Actually the IPCC failed to adequately take into consideration the likely response of ice sheets to continued warming (for example the increasing rates of melting of Antarctic ice shelves from beneath by warm water welling up from the depths in response to changes in surface winds). A good many recent papers (e.g from Stefan Rahmstorf) consider that the rise in sea level will be significantly greater than shown in the 2013 IPCC projections, which represented the state of the art in published papers from 2012, now 4 years ago. The science has moved on since then.

      • VooDude

        “…for example the increasing rates of melting of Antarctic ice shelves…”
        Well, the rates have been decreasing in the last four or five consecutive years. Yeah, there is melting. But there is also snow accumulations.
        Besides, ice shelves have already made their contribution to displaced water levels, because the float. There have been more than half a dozen “catastrophic” collapses of ice shelves recently, and no discernible perturbations of sea level can be found.

  • Constant Gardener

    This is nothing more than old wine in new bottles. The uncertainty monster has been around a long time and isn’t made new by calling it neoskepticism. But, I guess if a marketing lecturer is having “thoughts” on science, we need to get more serious about slaying the uncertainty monster in all its forms, if only to spare us the denialist musings of marketing lecturers.

  • SteveBloom

    For years, deniers got all the attention because they’re noisy and have friends in high places in business, media and politics. But they were ever a pretty small slice of the population. Now that they’re running out of gas, thanks in part to improving science but maybe more importantly to increasingly palpable effects, the real problem has heaved into view. But they were always there, and always were the real problem.

    Simply put, this “apathetic” (not sure that’s really the right word) grouping won’t respond to threats that are either too far away or too far into the future. This is unfortunate given the severely lagged nature (relative to human lifetimes) of climate disruption.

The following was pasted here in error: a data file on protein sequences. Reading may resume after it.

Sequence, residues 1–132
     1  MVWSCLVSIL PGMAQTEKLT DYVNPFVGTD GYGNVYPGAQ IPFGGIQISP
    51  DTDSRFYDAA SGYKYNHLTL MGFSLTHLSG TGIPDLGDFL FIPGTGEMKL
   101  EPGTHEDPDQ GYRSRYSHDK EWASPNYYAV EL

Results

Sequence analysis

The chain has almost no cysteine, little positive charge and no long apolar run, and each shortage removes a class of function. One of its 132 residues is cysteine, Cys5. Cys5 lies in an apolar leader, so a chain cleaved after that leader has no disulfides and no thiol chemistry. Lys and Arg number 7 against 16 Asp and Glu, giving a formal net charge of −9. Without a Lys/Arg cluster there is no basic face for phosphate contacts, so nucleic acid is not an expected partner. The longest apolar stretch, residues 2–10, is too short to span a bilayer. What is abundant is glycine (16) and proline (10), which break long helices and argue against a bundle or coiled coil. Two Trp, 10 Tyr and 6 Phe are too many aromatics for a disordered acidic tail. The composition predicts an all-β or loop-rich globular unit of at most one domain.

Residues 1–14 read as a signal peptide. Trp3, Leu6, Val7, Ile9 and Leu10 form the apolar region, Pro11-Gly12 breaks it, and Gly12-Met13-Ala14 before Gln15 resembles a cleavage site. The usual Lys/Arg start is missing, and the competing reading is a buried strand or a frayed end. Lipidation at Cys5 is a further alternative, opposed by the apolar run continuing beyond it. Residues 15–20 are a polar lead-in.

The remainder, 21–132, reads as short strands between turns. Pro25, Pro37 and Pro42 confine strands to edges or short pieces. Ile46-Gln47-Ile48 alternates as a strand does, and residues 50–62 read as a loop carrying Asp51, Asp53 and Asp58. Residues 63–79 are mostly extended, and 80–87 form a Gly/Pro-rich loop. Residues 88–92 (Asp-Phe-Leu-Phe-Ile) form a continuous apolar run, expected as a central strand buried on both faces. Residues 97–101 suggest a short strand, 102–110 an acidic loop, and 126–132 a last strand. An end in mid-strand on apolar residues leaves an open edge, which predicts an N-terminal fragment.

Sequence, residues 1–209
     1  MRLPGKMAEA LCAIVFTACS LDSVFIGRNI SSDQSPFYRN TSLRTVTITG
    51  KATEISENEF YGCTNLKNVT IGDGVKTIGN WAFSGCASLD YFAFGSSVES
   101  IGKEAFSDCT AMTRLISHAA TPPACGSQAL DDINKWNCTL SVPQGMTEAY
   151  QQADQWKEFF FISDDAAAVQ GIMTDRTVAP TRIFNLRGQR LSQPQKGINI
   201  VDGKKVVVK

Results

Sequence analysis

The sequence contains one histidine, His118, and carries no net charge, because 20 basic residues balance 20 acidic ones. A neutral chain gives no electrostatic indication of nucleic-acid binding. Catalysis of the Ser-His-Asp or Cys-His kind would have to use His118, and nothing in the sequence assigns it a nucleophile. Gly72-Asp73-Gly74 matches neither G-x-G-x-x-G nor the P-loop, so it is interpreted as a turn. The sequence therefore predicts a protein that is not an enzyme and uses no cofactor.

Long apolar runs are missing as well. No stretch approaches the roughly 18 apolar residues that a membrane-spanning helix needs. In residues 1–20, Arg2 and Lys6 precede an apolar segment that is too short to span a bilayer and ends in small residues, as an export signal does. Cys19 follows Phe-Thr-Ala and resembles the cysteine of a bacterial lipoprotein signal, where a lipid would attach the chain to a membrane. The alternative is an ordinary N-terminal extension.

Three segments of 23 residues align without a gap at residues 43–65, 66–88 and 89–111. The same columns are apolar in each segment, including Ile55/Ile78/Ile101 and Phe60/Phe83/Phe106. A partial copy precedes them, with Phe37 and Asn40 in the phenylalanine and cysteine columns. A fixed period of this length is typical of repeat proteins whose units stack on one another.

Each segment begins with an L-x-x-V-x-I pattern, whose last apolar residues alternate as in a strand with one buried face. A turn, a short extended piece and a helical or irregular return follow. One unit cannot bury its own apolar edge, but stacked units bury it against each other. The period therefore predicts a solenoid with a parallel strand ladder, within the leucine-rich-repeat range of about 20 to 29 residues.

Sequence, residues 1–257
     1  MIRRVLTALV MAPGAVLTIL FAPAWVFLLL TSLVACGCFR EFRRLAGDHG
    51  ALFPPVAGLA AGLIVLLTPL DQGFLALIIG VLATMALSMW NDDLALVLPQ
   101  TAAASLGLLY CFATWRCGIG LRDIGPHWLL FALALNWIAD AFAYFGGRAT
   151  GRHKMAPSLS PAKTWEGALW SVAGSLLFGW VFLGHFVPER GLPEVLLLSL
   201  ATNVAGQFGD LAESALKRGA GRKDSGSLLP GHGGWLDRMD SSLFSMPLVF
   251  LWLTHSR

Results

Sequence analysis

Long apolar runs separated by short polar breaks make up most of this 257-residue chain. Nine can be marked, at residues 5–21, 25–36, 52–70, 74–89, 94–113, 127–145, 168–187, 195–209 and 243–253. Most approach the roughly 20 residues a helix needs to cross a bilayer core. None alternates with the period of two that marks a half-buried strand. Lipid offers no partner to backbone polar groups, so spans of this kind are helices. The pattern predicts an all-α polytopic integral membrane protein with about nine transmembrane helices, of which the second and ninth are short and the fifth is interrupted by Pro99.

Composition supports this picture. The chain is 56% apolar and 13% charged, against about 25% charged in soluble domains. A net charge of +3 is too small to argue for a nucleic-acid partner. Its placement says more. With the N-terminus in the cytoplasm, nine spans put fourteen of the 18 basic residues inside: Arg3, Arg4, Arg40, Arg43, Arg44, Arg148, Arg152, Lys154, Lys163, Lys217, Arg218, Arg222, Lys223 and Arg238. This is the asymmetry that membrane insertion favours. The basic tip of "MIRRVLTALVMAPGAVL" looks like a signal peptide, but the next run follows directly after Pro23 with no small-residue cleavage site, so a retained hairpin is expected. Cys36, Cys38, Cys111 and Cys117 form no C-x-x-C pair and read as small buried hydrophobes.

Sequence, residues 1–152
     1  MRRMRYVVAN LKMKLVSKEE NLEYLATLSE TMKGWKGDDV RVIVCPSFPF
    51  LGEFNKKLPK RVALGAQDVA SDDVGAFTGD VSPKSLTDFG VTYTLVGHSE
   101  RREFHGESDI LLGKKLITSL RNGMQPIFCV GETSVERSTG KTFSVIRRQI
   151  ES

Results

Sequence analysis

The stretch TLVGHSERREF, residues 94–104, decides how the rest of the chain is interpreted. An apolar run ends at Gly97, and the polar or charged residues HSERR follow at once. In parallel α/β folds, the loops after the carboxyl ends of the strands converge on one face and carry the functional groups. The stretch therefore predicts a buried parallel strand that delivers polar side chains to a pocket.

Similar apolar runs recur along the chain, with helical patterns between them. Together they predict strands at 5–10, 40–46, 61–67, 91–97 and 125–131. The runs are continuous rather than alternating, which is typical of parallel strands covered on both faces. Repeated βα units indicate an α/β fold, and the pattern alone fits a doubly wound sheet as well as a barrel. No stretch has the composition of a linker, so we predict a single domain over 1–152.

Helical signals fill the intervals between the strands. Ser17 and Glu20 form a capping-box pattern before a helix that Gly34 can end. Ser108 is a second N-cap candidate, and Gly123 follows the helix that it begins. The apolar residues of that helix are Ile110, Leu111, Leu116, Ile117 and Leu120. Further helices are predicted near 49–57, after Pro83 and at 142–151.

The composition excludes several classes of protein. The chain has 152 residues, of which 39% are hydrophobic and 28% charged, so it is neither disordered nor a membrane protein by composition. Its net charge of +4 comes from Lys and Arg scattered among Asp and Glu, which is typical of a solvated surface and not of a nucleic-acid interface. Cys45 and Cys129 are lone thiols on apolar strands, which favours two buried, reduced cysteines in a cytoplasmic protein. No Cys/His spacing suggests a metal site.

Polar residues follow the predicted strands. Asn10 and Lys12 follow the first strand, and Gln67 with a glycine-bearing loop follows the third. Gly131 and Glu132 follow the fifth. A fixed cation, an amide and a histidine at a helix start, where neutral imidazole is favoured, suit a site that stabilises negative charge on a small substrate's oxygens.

I’m not sure what else there is to say, other than keep plugging away. Good luck to us.

    • VooDude

      (1)“…increasingly palpable effects, the real problem…”
      conflicts with
      (2)“…the severely lagged nature (relative to human lifetimes) of climate disruption”

      How can (1) be apparent, if (2) is true? How can effects (of climate disruption) be increasingly palpable, if the severely lagged nature, relative to human lifetimes, of climate disruption is real?

      97% of what is called “anthropogenic climate change” effects are really just ordinary weather.
      Drought, worldwide, is decreasing, Wildfires, worldwide, are decreasing, Hurricanes, tornadoes, and other cyclonic wind disturbances are decreasing across the globe. Maybe, just maybe, precipitation intensity might be going up … slightly. Hard to tell, as current instrumentation, and measurement location density, are not comparable to relevant time periods in the past. I think everyone agrees that it is a tad bit warmer, now, than it was in the peak of the Little Ice Age. I think everyone agrees that Mannkind burns more fossil fuel now, than in the depths of the Little Ice Age. Sea Levels are rising … linearly (no acceleration) and AGW theory requires acceleration.

      There are no “palpable effects” of anthropogenic climate change … let alone, “increasingly palpable effects” …

  • Morbeau

    “…a growing portion of the general public is neoskeptics.”

    A growing portion of the general public is dumb as a post. I blame TV.

    • VooDude

      Your posts, perhaps.